In a news analysis David E. Sanger writes that the U.S. threat of sanctions against foreign companies trading with Iran are becoming increasingly controversial internationally. He writes: "The issue of how to use economic sanctions as a weapon of foreign policy has bedeviled and divided the Clinton administration over the last five years.' Sanger adds: "If Clinton imposes the toughest sanctions available -- a threat the State Department and the White House carefully avoided making today - Clinton will re-open the battle with the European Union that began over American penalties against foreign firms that use formerly American property in Cuba."

He goes on: "If, on the other hand, the president seeks the diplomatic way out, imposing light sanctions or none at all, he runs the risk of undercutting his own commitment to use all powers available to him to fight state-sponsored terrorism. His declarations about getting the world community together on the issue could ring hollow."

WASHINGTON POST: The denial of Iranian proliferation comes first

An editorial today favors a firm U.S. stance to suppress Iran's weaponry ambitions. The newspaper says: "There is no country that people everywhere would rather see without missiles and nuclear, chemical or biological warheads than Iran. The regime flouts the international rules and menaces other states with terrorism, subversion and anathema. Hence the concern heard from Israel, Saudi Arabia and the United States about the technology flowing from Russia that enables Iran to extend its special-weapons reach well beyond 700 miles."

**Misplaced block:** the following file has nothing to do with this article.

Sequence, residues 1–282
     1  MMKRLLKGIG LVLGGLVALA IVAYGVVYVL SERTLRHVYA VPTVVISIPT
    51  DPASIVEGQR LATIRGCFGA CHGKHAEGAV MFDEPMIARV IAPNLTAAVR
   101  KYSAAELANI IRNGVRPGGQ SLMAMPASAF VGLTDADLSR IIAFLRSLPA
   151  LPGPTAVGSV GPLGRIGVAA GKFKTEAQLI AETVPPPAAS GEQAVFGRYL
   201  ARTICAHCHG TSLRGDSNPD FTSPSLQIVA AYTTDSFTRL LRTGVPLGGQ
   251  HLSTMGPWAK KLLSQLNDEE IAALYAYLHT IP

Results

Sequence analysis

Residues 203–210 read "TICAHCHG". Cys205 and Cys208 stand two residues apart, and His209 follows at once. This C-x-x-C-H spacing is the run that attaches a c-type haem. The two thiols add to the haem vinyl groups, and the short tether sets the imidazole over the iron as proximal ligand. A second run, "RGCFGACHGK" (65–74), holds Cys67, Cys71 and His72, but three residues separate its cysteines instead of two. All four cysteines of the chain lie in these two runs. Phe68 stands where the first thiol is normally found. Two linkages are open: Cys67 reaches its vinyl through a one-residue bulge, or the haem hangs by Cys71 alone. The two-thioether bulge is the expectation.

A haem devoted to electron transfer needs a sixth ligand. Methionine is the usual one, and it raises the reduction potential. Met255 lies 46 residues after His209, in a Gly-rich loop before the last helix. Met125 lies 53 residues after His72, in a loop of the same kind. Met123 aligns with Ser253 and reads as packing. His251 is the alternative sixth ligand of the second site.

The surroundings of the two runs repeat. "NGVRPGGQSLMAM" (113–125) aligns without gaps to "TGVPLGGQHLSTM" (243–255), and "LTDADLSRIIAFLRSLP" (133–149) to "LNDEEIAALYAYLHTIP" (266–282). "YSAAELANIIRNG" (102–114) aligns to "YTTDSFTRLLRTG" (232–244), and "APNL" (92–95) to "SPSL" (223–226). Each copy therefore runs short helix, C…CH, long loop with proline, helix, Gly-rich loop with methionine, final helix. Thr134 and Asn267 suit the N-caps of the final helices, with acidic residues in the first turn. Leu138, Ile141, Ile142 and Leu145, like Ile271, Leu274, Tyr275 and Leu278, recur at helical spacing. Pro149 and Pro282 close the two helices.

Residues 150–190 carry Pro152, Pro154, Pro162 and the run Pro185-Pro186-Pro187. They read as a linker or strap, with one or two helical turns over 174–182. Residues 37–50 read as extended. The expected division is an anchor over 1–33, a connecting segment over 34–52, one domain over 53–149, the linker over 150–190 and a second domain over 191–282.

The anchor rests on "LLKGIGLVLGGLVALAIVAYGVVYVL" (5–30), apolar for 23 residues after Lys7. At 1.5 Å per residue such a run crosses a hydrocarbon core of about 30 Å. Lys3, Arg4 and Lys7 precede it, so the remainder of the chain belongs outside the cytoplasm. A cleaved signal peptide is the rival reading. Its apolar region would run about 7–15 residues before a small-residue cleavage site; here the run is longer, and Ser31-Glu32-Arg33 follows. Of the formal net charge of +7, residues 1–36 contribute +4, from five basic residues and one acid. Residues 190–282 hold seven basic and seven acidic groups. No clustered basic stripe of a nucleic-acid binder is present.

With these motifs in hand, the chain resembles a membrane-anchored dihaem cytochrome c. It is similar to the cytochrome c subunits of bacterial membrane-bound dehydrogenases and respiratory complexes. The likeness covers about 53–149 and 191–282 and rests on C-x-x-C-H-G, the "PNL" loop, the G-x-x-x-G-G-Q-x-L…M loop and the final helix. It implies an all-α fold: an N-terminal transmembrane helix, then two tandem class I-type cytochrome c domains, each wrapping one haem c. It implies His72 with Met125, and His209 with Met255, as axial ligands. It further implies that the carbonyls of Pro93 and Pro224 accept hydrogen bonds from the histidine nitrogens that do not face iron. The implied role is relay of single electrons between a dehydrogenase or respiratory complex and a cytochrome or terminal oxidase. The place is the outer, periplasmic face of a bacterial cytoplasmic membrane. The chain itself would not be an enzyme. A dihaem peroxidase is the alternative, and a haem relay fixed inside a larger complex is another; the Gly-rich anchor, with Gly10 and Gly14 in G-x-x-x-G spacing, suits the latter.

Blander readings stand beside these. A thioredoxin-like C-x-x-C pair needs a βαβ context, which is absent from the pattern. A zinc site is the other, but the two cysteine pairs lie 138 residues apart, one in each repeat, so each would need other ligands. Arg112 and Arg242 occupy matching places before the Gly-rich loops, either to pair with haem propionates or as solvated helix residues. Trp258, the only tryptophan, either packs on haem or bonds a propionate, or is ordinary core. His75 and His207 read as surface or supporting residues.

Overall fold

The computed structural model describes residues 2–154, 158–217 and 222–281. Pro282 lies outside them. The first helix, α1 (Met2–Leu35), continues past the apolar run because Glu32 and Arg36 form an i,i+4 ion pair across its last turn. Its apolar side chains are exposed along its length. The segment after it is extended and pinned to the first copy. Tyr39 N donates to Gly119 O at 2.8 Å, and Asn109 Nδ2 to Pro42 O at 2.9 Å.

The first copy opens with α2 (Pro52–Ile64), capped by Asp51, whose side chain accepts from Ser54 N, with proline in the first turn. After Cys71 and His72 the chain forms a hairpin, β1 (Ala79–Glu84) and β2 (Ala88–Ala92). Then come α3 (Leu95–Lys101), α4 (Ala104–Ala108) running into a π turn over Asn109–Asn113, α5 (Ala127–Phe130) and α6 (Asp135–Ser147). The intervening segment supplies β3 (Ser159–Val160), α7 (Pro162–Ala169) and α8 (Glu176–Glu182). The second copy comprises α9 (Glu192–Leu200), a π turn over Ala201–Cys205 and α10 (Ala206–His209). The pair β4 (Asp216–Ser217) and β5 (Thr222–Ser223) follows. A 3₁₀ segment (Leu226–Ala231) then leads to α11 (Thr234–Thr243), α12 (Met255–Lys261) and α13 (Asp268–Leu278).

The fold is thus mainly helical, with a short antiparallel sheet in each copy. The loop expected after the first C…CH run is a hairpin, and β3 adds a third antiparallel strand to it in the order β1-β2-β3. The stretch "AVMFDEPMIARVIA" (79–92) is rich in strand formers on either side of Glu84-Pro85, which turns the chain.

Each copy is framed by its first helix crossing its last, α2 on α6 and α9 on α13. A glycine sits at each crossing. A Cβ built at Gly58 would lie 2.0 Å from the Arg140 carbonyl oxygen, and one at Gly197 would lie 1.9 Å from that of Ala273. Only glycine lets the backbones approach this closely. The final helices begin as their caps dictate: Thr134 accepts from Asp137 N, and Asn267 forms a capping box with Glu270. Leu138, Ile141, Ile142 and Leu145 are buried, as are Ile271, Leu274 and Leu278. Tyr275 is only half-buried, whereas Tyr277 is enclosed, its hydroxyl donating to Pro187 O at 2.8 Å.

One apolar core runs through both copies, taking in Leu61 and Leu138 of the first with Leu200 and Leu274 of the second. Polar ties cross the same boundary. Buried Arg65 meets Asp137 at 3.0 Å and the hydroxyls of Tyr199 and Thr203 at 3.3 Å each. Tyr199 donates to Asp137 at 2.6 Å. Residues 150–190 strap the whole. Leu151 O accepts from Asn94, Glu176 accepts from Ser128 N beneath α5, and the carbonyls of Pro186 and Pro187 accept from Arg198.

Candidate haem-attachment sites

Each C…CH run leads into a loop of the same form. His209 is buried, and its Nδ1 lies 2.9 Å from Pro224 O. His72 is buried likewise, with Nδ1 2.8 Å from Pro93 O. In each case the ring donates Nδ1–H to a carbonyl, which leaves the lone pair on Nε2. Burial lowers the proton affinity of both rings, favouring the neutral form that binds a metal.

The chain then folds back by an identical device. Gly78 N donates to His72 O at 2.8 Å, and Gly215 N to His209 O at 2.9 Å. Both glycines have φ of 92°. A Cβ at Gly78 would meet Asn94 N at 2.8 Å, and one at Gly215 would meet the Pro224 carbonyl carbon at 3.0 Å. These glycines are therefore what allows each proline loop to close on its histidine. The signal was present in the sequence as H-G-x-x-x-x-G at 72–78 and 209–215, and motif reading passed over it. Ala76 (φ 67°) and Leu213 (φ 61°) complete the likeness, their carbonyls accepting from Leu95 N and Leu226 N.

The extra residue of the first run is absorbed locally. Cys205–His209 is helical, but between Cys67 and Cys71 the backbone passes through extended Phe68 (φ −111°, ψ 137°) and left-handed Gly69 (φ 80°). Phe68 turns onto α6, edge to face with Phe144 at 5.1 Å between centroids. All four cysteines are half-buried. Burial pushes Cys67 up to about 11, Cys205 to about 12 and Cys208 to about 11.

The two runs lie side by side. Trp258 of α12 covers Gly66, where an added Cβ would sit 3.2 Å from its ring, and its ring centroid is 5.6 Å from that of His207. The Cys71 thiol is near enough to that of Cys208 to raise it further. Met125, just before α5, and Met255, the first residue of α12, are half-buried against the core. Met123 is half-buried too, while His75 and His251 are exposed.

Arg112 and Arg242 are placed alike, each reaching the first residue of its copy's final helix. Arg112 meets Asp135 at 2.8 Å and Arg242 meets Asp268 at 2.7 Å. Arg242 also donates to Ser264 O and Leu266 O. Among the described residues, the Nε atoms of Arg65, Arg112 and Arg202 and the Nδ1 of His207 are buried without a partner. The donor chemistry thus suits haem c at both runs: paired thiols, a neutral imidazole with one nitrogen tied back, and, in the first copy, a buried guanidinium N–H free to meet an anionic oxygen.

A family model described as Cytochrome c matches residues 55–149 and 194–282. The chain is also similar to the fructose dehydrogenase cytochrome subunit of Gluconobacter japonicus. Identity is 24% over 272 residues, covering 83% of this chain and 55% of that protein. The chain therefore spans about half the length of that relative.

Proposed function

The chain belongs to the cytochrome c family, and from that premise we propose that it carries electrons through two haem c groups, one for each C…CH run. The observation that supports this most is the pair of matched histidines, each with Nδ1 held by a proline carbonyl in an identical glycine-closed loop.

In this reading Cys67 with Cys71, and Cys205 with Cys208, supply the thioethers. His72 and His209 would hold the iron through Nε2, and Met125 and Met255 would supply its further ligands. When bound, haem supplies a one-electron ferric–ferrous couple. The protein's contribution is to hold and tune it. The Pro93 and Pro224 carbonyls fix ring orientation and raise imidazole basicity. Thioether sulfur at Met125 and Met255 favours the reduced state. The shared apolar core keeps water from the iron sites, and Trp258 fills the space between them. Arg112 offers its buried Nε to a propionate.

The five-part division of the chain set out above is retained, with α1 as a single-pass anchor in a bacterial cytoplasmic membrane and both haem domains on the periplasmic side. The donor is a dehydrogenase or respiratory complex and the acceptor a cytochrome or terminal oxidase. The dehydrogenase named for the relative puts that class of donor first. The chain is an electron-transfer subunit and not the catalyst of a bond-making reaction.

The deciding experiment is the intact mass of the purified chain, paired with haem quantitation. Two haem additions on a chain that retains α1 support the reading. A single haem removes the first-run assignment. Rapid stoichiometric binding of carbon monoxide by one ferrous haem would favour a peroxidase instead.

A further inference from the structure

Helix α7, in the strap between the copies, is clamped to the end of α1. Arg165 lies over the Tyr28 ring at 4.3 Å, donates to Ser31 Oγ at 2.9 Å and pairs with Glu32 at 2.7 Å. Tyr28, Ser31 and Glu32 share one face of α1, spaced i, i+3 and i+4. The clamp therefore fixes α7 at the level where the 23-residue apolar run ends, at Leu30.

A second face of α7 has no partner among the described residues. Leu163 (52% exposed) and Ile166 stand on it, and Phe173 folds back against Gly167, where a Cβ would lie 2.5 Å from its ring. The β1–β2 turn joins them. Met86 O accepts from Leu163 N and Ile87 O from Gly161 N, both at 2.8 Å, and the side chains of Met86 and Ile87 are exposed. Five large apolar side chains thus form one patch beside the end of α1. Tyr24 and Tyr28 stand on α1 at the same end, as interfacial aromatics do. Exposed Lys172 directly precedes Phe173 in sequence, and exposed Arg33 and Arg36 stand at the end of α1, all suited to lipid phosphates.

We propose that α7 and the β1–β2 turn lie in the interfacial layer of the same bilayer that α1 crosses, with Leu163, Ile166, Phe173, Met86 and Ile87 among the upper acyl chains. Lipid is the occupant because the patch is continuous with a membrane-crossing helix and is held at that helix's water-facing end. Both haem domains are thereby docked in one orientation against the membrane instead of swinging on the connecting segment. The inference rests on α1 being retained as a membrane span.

The editorial contends: "For several years the United States has been after the Russians, most recently last week when Vice President Gore addressed President Boris Yeltsin. Mr. Yeltsin has always categorically denied charges of authorized proliferation, but his assurances dissolve in the corruption of the Russian military-industrial complex." And concludes: "At some point Israel and Iran, like Israel and Iraq, must be brought into the circle of coexistence in the Middle East. Meanwhile, the deterrence of war by the denial of Iranian proliferation -- an objective Americans share with Israelis, Saudis, Europeans and many others -- comes first."